Fröhlich – String Quartets (Musiques Suisses)

Friedrich Theodor Fröhlich (1803-1836)
String Quartet in G minor (1826)
String Quartet in E major (1827/28)
String Quartet in C minor (1832)

Beethoven Quartett
Mátyás Bartha, violin
Laurentius Bonitz, violin
Vahagn Aristakesyan, viola
Carlos Conrad, cello

 (2015) – TT 72:04


The Swiss Schubert – Fine String Quartets Lavishly Contrapuntal and Lyrical

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In a nutshell:
• Fröhlich’s string quartets are excellent works of their kind, amply contrapuntal, prone to flights of fugato, and in their tonal makeup resemble the quartets of Beethoven and Schubert.
• String Quartet in G minor (1826) references Haydn’s “Emperor” quartet in its opening, a gorgeous theme and variations, and concludes with a vigorous finale loaded with imitative counterpoint.
• String Quartet in E major (1827/28) stands out for its neo-Baroque “Scherzo” of virtuosic violin activity and an exciting “Finale” of intense verve and drama, reminiscent of Beethoven’s “Rage over a lost penny.”
• String Quartet in C minor (1832) sounds like an estranged cousin to Beethoven’s Op. 59, with a dark-hued “Allegro agitato” and a finale that is essentially a fugue of noble disposition.
• BeethovenQuartett is a polished and fine ensemble.
• Sound is good and the natural ambience is vivid.


Friedrich Theodor Fröhlich (1803-1836) is a tragic case of a young composer unrecognized in his native Switzerland and so unhappy with his lack of fame that he drowned himself at the age of 33. His failure to meet with public success is bewildering. These string quartets are quality works with the fresh lyricism of Schubert and the kind of deft contrapuntal writing that would have pleased Haydn. Fröhlich even references Haydn’s “Emperor” in his G minor quartet. One should be aware that this recording has an important rival: the Complete String Quartets by the Rasumowsky Quartett, a 2-CD set on CPO containing four string quartets, including the F minor, which is missing from the present release.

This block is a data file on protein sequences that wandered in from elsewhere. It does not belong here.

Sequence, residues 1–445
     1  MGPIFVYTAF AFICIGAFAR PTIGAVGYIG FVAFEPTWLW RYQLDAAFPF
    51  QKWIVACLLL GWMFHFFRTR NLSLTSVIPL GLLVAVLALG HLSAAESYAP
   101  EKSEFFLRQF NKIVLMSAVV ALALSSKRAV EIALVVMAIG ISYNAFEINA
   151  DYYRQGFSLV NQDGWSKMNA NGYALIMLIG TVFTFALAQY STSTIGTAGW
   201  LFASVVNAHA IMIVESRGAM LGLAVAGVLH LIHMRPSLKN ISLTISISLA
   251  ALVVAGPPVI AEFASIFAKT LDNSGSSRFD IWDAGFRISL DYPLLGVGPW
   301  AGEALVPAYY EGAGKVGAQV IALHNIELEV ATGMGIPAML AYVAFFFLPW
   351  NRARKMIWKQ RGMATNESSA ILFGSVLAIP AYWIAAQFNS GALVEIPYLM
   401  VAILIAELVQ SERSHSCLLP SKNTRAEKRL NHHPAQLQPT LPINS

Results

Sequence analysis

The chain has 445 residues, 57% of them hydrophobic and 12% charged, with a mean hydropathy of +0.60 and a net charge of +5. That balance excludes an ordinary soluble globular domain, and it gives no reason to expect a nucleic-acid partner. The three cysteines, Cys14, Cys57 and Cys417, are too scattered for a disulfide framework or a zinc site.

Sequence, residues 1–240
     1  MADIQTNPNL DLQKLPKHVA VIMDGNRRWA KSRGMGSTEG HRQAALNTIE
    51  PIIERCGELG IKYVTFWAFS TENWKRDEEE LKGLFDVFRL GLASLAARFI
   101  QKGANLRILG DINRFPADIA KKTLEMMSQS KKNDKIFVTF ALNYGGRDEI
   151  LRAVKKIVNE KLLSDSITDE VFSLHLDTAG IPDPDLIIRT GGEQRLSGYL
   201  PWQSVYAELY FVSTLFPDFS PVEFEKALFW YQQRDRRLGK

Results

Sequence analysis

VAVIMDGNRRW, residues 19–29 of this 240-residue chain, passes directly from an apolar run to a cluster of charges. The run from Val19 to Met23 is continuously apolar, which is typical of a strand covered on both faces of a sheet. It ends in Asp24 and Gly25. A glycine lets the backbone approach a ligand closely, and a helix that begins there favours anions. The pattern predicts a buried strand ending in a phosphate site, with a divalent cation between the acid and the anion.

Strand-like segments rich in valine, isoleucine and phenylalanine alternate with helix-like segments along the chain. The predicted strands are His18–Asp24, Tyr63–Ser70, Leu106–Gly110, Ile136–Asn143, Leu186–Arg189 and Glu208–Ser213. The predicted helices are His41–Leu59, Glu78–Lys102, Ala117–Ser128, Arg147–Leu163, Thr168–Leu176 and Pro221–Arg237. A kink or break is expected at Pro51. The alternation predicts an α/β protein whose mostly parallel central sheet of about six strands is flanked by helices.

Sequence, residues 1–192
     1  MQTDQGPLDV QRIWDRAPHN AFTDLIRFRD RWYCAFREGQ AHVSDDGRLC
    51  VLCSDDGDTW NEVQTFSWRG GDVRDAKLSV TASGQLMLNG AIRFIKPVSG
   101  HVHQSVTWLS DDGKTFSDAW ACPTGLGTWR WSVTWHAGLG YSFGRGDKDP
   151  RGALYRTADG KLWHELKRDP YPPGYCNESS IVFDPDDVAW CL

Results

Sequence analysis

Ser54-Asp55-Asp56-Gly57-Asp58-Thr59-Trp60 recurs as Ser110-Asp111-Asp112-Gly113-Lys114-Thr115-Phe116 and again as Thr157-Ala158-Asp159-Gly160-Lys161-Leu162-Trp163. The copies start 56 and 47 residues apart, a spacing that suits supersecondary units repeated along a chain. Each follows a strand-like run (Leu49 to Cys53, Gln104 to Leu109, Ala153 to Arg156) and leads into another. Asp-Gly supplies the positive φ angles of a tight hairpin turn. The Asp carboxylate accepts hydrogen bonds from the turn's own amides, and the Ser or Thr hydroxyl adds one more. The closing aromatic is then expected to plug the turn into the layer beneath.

Fröhlich has a propensity to disregard convention with regards to form and length. His movements are taut, averaging 6 minutes, and his form is rarely traditional and difficult to pin down. These elements are manifested in the String Quartet in G minor (1826). Instead of a sonata-allegro for an opening movement, he begins with a theme and variations. His theme is introspective and noble with lovely contours, while the variations tend to be similar in their textures, either gently contrapuntal or showing off florid lines on the 1st violin. The “Largo cantabile” has the lyrical sweetness of Schubert and a fine interplay of strings, especially the cello. The “Finale” is in sonata form and generally serious. It begins with a growling bass figure in the cello and a stream of imitative contrapuntal figures, followed by a happier second theme with a catchy rhythmic shape.

The String Quartet in E major (1827/28) covers a wide emotional territory in its four concise movements. The opening “Allegretto” doesn’t appear to be in sonata form. It’s sunny and pleasing with each part exquisitely transparent in the texture. A more effective effort is the “Scherzo,” full of animated neo-Baroque violin patter, sequences, and lively fugato sections. This is fun listening. The “Adagio” swims in melancholy waters tinged with expressive depth, although not much remarkable about its melodic contours. For me, the “Finale” is the sterling achievement here: exciting, buoyant, and rushing headlong like Beethoven’s “Rage over a lost penny.” It then yields to extensive fugato, rises to dramatic intensity, and switches on a dime to repose as a new melody emerges at the end. Fröhlich is definitely unorthodox in his approach to form; nothing is formulaic with him.

Schubert and Beethoven loom over the String Quartet in C minor (1832), which sounds like an estranged cousin to the Op. 59. The “Allegro agitato” is mostly sober with a dark-hued 1st theme and a lovely, yearning 2nd theme. This is followed by a warm “Andante” and an ebullient “Scherzo” with unusual accents, pauses, and deceptive cadences revealing Beethoven’s influence. I was also reminded of late Beethoven in the “Finale,” which is a substantial piece of self-contained music; dignified, suspenseful, and embarking on a fugue for most of the movement. Several fugue subjects appear and there’s moments that evoke the grandeur, if not quality, of a late Beethoven fugue. BeethovenQuartett is a polished and fine ensemble, although I haven’t heard their other recordings. Sound is good and the natural ambience is vivid.

  hex-icon
~Hexameron


Friedrich-Fröhlich
Fröhlich – Works & Recordings
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